According to the American Society of Addiction Medicine, opioid addiction kills thousands of people every year. In 2014 there were 18,893 overdose deaths related to prescription painkillers. But it’s terrifying how easy it is to find opioid meds in the home. For example, the CDC calculates than in 2012 alone, doctors wrote over 250 million prescriptions for opioid painkillers – basically enough for every single American adult to receive a bottle of pills.
Even among the people at the highest risk of overdose (using prescription opioids non-medically 200 or more days a year) a friend’s or relative’s medicine cabinet is a common source of finding opioid medications. Among that population, 26% get them for free from family and friends and a further 23% buy them from family and friends. Maybe it’s time we stop that – and the best way we can do that is clearing those drugs from our homes and medicine cabinets.
The 16th National Prescription Drug Take-Back Day falls on October 27th this year. Sponsored by the DEA, the day allows users to deliver unused pharmaceutical controlled substances to appropriate entities for disposal in a safe and effective manner consistent with effective controls against diversion. The goal of the Disposal Act is to encourage public and private entities to develop a variety of methods of collection and disposal in a secure, convenient, and responsible manner.
The results of this program that made its debut in 2014 are phenomenal and are hosted twice a year – once in April and again in October. In April of 2018 alone, the statistics are mind-blowing; almost 5,000 law enforcement sites participated with almost 6,000 collection sites set up across the country. This amounted to 474 tons of returned prescription drugs (a total of almost 5,000 tons collectively since the program began).
According to the Santa Barbara Police Department, medicines that sit unused in home cabinets are highly susceptible to diversion, misuse, and abuse. Rates of prescription drug abuse in the US are alarmingly high, as are the number of accidental poisonings and overdoses due to these drugs. Studies show that a majority of abused prescription drugs are obtained from family and friends, including from the home medicine cabinet.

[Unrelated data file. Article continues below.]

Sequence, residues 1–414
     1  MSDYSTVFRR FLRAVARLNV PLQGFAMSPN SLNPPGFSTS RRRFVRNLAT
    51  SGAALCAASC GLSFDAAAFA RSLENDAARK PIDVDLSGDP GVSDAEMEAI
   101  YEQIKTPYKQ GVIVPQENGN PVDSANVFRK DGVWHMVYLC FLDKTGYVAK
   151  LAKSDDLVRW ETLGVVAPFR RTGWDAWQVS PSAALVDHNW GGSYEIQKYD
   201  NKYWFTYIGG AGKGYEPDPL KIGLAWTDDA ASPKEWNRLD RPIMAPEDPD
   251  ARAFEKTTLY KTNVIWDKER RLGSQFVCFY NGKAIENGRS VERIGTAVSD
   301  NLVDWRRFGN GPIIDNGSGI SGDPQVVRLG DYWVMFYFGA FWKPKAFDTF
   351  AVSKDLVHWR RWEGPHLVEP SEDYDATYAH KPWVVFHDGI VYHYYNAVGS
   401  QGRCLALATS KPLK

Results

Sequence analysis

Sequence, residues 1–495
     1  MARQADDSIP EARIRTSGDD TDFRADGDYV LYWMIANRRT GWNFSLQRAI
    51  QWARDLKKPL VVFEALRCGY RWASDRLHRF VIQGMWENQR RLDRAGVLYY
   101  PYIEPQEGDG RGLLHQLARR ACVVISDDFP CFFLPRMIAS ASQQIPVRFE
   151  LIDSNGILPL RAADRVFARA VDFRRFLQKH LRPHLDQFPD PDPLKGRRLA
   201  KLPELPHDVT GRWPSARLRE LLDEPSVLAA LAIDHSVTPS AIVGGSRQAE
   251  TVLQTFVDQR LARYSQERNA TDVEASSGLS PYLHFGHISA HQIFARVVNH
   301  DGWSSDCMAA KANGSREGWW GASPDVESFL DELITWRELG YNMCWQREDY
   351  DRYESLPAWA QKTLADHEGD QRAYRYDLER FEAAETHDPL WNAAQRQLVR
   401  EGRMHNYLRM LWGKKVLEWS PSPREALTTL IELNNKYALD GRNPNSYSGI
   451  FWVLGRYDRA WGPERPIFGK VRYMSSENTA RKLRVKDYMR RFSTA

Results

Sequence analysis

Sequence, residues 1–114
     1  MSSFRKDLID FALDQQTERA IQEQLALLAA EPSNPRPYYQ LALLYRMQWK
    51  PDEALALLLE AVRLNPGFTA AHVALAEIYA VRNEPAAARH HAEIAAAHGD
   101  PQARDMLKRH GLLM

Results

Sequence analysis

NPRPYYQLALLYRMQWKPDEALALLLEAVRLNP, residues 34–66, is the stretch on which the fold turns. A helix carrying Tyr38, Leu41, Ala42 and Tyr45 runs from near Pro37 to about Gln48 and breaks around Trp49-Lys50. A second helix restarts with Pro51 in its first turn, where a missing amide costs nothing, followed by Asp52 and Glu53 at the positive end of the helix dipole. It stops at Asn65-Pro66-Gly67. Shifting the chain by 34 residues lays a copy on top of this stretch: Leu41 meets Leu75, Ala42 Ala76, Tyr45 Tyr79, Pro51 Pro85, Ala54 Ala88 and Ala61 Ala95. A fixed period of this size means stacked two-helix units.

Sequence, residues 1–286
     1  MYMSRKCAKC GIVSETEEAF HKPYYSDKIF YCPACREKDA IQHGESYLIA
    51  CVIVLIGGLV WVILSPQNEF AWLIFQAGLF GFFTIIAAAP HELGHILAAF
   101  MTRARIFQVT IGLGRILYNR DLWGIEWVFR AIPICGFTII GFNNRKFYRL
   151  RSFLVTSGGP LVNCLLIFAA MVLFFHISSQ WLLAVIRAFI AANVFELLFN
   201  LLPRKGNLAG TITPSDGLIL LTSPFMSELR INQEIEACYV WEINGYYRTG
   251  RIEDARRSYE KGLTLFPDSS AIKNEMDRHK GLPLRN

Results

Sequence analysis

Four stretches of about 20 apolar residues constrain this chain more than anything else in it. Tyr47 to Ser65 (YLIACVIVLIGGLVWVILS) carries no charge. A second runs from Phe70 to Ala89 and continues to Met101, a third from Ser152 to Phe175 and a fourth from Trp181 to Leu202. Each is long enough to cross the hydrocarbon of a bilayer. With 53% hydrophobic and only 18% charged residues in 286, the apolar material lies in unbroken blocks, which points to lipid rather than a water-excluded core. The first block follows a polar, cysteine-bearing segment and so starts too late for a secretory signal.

In addition, Americans are now advised that their usual methods for disposing of unused medications—flushing them down the toilet or throwing them in the trash—both pose potential safety and health hazards. According to the FDA, keeping medicines after they are no longer needed creates an unnecessary health risk in the home, especially if there are children present. Even child-resistant containers cannot completely prevent a child from taking medicines that belong to someone else.
Accidental exposure to medicine in the home is a major source of unintentional pediatric poisonings in the United States. Each year in the United States, approximately 60,000 emergency room visits and 450,000 calls to poison centers are made after children under 6 years of age find and ingest medication without caregiver oversight. And over two-thirds of emergency department visits for accidental pediatric medication exposures involve 1- or 2- year old children and nearly 20% result in hospitalization.
According to the FDA, consumers and caregivers should remove expired or unused medicines from their home as quickly as possible to help reduce the chance that others may accidentally take or intentionally misuse the unneeded medicine. Medicine take-back options are the preferred way to safely dispose of most types of unneeded medicines
Longs Drug Stores – Multiple locations including 3939 State St and 2973 State St and 1109 State St and 1835 Cliff Drive.
County of Santa Barbara Pharmacy – 345 Camino Del Remedio, Santa Barbara, 93110
Medicine Shoppe #793 – 3605 State St, Santa Barbara 93105
Prescription Pharmacy, 317 W. Pueblo St, Santa Barbara 93105
Garfield Beach CVS, 222 W. Carrillo St., Santa Barbara 93101
San Ysidro Pharmacy, 1498 Easy Valley Road, Santa Barbara 93108
And even if you can’t make the October 27th date, there are other ways to turn in and/or dispose of unwanted medications.
In 2012, California passed and signed SB 1329, which significantly expanded the prescription drug donation and distribution law enacted in 2005. It also amended the bill authorizing pharmacies to repackage donated medicine in preparation for redistribution in 2016. This means that any Skilled Nursing Facility (SNF), a SNF designated as an institution for mental disease (IMD), general acute care hospital, psychiatric hospital, intermediate care facility, correctional treatment center, chemical dependency recovery hospital, psychiatric health facility, residential care facility for the elderly, mental health rehabilitation center, and wholesalers can donate. The program is free of charge.
Make the best use of National Prescription Drug Take-Back Day by emptying your homes and medicine cabinets of drugs you don’t need and don’t use anymore. You’ll be disposing them in a safe and legal way and saving people with access to those drugs from more problems.